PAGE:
The 10 Biggest Plant Moments on Houseplant Reddit from the Past Decade

published Aug 18, 2020
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If you’re in love with your plants, aspire to be a plant parent, or just love reading about plants, then consider the r/plants subreddit your virtual greenhouse. Last week, the group with 113K seedlings (aka members) commemorated a special milestone as it turned 10 years old—with plenty of memorable posts to reflect on.

To honor this unbeleafable moment (come on, you knew a plant pun was coming), we unearthed the most talked-about plant posts every year of the last decade. While many of the most popular threads sprouted from photos of beautiful species living their best plant lives, a few unexpected topics got thrown into the viral mix (like a dog in a planter—but more on the later).

See below to find out for yourself, and don’t blame us if you impulsively buy a new houseplant by the end:

2010: Identity crisis

Back when the r/plants group started showing its first buds, Redditor BigGrant put a call out to help identify this green wonder. While one commenter gave an honest answer of “I’ve never seen anything like it,” another came to the rescue and solved the mystery—it’s a Pilea Peperomioides, also commonly known as a Chinese money plant.

2011: Blossoming agave

Life is full of unexpected happenings, like this one Redditor’s agave patch that sprouted toward the sky after 20 years. User Ra__ threw down some knowledge after the initial posting, saying that agaves are often called “Century Plants” because of the time it takes for them to blossom. They also said that after an agave sprouts, the plant will unfortunately die, but the upside is that “once the spike matures, it will contain a thousand new baby plants that you can transplant and share.” Hooray for silver linings!

2012: Smelly yet stunning

Redditor Norville-Rogers posted about witnessing a Titan Arum blossom, which the commenters got giddy about. This pointy plant is commonly known as the corpse flower because of its decaying smell when it blooms. But because a Titan Arum is so rare and only blooms every 10 years or so, it’s a phenomenon that many plant enthusiasts would feel lucky to experience.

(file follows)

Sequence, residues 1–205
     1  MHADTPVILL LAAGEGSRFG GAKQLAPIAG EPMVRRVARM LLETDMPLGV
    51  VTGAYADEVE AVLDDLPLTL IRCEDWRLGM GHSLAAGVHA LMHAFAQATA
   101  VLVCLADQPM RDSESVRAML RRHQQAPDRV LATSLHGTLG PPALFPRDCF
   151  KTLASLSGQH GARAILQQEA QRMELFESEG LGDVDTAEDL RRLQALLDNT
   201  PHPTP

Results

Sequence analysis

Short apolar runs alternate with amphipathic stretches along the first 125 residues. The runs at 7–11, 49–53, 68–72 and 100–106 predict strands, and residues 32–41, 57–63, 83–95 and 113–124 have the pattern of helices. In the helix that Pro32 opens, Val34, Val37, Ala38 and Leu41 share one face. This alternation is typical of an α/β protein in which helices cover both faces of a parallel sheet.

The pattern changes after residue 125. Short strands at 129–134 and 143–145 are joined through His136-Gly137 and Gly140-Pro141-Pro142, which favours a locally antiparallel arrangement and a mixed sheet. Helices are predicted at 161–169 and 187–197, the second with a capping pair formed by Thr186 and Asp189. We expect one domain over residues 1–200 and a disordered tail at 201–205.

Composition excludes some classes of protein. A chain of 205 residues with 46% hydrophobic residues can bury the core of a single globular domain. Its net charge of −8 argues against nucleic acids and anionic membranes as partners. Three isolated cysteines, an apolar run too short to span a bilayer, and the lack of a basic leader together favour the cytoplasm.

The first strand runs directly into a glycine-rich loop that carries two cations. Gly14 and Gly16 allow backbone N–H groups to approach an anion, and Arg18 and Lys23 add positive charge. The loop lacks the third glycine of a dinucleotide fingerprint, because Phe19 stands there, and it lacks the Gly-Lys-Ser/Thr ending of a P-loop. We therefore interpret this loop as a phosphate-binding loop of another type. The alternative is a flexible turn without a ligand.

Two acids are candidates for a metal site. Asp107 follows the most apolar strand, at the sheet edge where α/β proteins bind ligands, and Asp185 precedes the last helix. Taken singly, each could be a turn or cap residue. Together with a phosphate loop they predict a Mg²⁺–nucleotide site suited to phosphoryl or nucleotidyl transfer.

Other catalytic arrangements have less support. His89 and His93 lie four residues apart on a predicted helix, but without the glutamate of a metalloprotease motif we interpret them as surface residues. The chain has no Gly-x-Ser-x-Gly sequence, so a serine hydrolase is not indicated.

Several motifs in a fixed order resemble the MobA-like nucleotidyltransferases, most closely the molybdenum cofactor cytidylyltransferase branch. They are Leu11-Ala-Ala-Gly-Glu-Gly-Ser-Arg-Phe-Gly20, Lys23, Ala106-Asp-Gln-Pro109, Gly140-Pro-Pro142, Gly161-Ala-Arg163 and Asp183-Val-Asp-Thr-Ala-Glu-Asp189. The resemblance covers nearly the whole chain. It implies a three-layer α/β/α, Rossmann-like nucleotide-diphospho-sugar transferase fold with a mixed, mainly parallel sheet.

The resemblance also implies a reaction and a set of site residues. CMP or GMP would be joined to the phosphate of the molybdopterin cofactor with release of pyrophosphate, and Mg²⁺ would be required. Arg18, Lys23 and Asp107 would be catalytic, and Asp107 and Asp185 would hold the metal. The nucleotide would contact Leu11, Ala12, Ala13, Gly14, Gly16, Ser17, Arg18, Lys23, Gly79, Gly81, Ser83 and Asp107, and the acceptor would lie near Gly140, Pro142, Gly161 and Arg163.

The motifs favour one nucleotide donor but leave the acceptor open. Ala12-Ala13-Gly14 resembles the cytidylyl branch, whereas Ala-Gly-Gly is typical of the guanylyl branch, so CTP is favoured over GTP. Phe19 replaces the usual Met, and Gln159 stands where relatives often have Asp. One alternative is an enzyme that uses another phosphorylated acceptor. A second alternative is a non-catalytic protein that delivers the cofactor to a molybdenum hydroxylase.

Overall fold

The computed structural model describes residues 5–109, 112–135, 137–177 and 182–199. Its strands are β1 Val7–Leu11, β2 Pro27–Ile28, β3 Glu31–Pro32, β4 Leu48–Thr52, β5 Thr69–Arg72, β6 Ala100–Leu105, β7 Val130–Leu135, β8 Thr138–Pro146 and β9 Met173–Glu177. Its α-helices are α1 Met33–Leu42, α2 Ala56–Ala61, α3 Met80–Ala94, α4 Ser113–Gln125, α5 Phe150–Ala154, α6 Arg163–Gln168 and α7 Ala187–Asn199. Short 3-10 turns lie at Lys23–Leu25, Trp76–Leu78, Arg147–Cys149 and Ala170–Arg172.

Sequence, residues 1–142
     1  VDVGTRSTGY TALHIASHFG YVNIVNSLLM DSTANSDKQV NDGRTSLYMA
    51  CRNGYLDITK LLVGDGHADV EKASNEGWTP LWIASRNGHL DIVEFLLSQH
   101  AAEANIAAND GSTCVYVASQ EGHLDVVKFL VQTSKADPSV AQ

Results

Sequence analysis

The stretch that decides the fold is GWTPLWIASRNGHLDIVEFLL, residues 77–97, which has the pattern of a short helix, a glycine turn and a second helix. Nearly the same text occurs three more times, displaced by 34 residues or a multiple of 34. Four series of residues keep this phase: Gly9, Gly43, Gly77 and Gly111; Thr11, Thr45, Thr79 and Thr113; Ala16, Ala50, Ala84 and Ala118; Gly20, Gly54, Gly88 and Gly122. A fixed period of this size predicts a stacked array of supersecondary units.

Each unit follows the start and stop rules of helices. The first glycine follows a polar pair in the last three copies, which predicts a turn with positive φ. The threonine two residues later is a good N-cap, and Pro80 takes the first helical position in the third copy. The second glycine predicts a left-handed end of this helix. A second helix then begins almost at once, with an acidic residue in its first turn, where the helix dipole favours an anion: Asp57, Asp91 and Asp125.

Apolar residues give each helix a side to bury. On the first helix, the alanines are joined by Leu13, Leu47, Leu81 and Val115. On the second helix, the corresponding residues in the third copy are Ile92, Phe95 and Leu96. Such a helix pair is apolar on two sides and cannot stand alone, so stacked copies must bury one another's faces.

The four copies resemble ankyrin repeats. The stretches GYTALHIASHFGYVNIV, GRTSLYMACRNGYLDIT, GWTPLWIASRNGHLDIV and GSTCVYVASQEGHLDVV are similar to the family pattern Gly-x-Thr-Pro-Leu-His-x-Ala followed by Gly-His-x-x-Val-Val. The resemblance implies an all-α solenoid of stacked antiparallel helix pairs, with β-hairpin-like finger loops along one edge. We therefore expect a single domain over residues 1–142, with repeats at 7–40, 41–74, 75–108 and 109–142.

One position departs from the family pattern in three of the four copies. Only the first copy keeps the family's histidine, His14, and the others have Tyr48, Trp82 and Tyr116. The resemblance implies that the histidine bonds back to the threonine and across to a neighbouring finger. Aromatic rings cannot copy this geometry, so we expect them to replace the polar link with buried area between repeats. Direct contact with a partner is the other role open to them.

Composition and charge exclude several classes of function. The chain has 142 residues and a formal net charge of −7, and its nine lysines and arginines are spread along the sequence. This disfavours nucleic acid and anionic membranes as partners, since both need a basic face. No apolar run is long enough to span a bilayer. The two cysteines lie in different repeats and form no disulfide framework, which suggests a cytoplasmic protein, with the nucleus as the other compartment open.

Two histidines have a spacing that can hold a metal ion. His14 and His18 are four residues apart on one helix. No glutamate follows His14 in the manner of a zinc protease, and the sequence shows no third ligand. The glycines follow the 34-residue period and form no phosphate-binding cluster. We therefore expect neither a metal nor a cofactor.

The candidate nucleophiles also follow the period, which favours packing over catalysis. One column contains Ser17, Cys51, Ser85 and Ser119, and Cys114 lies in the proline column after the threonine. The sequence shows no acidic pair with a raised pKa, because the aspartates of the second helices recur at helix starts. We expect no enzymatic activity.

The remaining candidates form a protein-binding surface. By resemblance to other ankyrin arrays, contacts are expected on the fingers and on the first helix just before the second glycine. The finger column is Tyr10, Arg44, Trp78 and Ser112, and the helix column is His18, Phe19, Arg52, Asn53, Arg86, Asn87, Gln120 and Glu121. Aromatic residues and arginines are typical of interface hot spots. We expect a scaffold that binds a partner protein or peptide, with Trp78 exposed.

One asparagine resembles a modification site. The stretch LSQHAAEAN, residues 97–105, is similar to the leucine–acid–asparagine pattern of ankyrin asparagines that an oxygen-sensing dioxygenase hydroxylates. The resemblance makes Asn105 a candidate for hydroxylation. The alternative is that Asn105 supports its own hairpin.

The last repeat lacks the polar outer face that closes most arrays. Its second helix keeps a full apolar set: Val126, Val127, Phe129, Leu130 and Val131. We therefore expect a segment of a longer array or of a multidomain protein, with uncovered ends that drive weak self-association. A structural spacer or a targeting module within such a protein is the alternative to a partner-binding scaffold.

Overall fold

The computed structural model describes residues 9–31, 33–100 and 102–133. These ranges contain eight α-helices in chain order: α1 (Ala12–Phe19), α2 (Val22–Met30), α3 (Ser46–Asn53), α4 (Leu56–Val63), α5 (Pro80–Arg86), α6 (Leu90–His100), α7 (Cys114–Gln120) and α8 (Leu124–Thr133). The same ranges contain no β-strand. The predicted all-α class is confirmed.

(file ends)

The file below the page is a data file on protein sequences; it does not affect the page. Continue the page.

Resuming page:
2013: Vine takeover

It’s a wonderful thing to see your plant thrive—so much so that you might display its vines wherever you can. Redditor Istrutnice decided to tape the vines of their houseplant over the walls and across the ceiling of their home, creating an enclosed, leafy sanctuary. As one commenter writes, what a beautiful way to let your pothos (or other flourishing plant) shine.

2014: Breaking stereotypes

When it comes to a Venus flytrap, you might initially think of the plant snapping its teeth shut around a poor fly. However, this image of a Redditor’s Venus flytrap called Chompy paints a totally different picture as white flowers bloom at the top. Like one group member writes, “Who knew how pretty and delicate the flowers were?”

2015: Jumping plant

If there was ever a believable scenario in which someone said, “My plants grew legs and walked away,” this would be it. After Redditor pe8ter shared the flourishing plant with the r/plant community, everyone wanted to know—what is it?! The concluding consensus was some sort of zucchini plant, but it was never officially confirmed.

2016: Wise jade

Is it just me, or does this jade plant looks like it has some wisdom to share? Templeofdank gave the plant-loving community something to admire by posting a photo of their 15-20-year-old jade plant. And commenters showed their appreciation by showering the jade (and its planter) with compliments.

2017: Potted dog

Bet this made you smile (how could it not?). While Redditor Spants23 clearly played a joke on their fellow seedlings by asking “anyone know what kind of plant this is?” it was very well received by the community. The top comment said, “Looks like a Golden Dogbane to me,” and another wrote, “Clearly a dogwood. I mean, it’s the gold color that gives it away.”

2018: Artsy houseplants

Redditor Lilyo posted this collection of plant art saying “Made a little series of cool plant drawings that I thought you guys might like,” and boy were they right. This museum-worthy display depicts six different kinds of plants in their natural green state surrounded by red patterned backdrops. If you’re interested in buying art from this Redditor, check their Instagram for their most recent work.

2019: Second-hand gem

This post alone proves that it’s worth checking Craigslist every now and again. Not only does user fiskurbee share that they snagged this 10-foot-tall dracaena for free (!?), but also explained how they transported the massive plant from one place to another. Turns out, having a car and wrapping the top in shrink wrap does the trick.

On an ending note, Robert Denison, a moderator for r/plants, told Apartment Therapy that anyone is always feel free to stop by r/plants to “show off any plants you are particularly proud of or if you just need some helpful tips or advice!” An excuse to show off plant babies and get free advice? Sold.